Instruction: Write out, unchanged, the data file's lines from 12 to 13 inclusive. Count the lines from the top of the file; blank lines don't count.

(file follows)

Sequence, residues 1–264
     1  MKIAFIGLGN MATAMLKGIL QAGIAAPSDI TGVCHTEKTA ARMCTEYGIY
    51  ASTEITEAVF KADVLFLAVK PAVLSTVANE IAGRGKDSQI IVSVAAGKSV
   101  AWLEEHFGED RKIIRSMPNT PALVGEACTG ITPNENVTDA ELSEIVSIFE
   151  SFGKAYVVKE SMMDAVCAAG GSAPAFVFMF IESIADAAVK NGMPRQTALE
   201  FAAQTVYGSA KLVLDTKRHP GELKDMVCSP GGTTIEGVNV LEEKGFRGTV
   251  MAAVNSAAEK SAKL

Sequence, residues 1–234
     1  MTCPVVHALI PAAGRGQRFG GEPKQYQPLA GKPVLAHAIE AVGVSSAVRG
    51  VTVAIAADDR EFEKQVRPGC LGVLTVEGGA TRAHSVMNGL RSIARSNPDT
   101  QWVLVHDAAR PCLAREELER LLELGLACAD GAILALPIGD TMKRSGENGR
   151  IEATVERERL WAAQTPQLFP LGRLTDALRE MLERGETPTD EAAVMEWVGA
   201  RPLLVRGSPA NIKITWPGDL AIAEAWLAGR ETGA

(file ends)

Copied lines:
   151  IEATVERERL WAAQTPQLFP LGRLTDALRE MLERGETPTD EAAVMEWVGA
   201  RPLLVRGSPA NIKITWPGDL AIAEAWLAGR ETGA